Arithmetical Error in Boethius’s De
institutione music (iii.14-16)

Ali Pemble: Timaeus and the Trumpet:
The Harmonizing Logos in Medieval Art

Timothy Chenette: The Role of Complex
Notation in Complex Rhythm of the Late
14th Century (YES!)

Jeffrey Levenberg: Ouds or Lutes?
“Fumeux Fume’s” Ficta Speculacion
(Finally, another voice about Fumeux Fume that isn't Lefferts)

Richard Parncutt: Historical origins of
major-minor tonality: A psychological
approach (Seriously? Rick Cohn better watch his back!)

Gábor Kiss: Spontaneity or
consciousness? Late-medieval
approaches to the differences of the
liturgical repertories (can't even begin to wonder)

Stefano Mengozzi: Facets of Musical
Renovatio in the Early 15th Century (Everyone should go buy his book when it officially hits the shelves)

Catherine Bradley: Clausula or Motet: Which
Came First? (We're still arguing about it, folks!)

Anna Zayaruznaya: The Composite Tenor of
Vitry’s Cum statua/Hugo (This should be magnificently interesting! Vitry's motet talks about lying and interior deception, using the metaphor of Nebuchadnezzar's statue. She's gonna talk about a hybrid tenor, and I'm hoping she'll court with notions of Alchemy...)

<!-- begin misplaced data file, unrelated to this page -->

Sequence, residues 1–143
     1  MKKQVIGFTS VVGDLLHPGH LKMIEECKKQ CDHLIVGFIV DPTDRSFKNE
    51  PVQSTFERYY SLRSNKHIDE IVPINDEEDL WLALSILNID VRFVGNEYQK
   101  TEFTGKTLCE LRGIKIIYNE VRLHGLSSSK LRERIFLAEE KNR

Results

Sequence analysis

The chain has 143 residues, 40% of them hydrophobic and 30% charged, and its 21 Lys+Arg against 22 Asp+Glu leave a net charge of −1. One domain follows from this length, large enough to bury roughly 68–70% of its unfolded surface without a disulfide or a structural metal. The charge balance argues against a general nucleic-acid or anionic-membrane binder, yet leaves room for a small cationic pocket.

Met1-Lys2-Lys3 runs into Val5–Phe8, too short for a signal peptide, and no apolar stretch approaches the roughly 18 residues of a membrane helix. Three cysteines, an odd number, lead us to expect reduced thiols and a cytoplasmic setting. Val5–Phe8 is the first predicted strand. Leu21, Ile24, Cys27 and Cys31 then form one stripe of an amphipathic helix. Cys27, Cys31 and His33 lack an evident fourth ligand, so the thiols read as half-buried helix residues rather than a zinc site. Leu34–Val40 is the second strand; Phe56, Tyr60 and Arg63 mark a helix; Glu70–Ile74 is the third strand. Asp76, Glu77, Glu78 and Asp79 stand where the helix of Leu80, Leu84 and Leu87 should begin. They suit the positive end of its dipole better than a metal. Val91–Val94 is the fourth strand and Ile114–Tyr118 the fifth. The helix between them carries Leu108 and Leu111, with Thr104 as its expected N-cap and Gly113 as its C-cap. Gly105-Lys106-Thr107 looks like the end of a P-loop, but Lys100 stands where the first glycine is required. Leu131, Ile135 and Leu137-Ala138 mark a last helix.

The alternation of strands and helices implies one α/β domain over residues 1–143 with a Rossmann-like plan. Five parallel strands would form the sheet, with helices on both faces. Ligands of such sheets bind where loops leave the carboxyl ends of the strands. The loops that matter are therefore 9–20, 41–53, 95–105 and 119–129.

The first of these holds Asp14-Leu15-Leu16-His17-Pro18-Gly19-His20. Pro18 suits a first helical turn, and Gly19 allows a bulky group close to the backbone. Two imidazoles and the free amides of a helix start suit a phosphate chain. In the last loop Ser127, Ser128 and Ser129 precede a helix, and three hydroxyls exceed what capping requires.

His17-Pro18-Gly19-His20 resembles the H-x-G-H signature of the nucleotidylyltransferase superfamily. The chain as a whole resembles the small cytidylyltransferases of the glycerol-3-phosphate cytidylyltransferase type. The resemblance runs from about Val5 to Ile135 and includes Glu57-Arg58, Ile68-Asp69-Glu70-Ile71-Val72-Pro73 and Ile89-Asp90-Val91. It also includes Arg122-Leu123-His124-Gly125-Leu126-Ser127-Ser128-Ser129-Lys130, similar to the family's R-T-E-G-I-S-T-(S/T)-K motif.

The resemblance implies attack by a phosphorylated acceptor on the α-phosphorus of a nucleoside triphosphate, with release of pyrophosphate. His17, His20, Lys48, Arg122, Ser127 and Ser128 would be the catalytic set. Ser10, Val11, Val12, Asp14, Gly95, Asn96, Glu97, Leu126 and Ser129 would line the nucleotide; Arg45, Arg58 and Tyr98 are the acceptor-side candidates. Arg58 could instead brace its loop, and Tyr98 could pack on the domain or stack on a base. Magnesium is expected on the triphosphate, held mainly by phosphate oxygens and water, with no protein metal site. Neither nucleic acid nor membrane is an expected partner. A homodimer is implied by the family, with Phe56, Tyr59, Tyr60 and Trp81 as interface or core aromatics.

Rachel Lumsden: Mode, Gender, and Aribo’s De Musica (Everyone remember the 12th Century Aribo's very strange articulation of modes as woman's body? I wanted to talk about it in my thesis; never got round to it)


This one's for Phil who lamented some blogposts ago that there really isn't much on musicology and Derrida. I'm happy to say that (1) I've used Derrida's "Hauntology" in my thesis at least once, and MedRen has this in store...

Kate Maxwell: Boethius, Guido, ...
Derrida? ‘Grammatology’ as a means of
understanding early music notation

Curious? So am I. I think I know where she's going with this one, but let's see if it's true.

Signing off,

HT. Going to get coffee now.

Tuesday, April 6, 2010

The chapter that didn't quite make my thesis: Beastly transformation, Musicality, and Michael Jackson.

Michael Jackson’s Beastly Transformations in Thriller: Killing the Hypersexualized, “Musical” Body.

Nearly six entire centuries have passed since Chaillou’s interpolated Roman de Fauvel was brought into completion. Today, the enclosed world of reading for whom fr. 146 was probably meant for is replicated under the strict surveillance of the Paris Bibliothèque Nationale, fully accessible only to a limited number of viewers at a time. Despite the restricted circumstances of Fauvel viewership, paradoxically, the musical components of fr. 146 have never been more accessible. Over the last decade, the publication of the colossal Fauvel Studies has ushered in a new wave of Fauvel interest, succeeded by Emma Dillon’s Medieval Music-Making and the Roman de Fauvel, which both seek to relocate Chaillou’s interpolations within the epistemology of the “book,” and correspondingly, its intertextual relations with other items also included in fr. 146.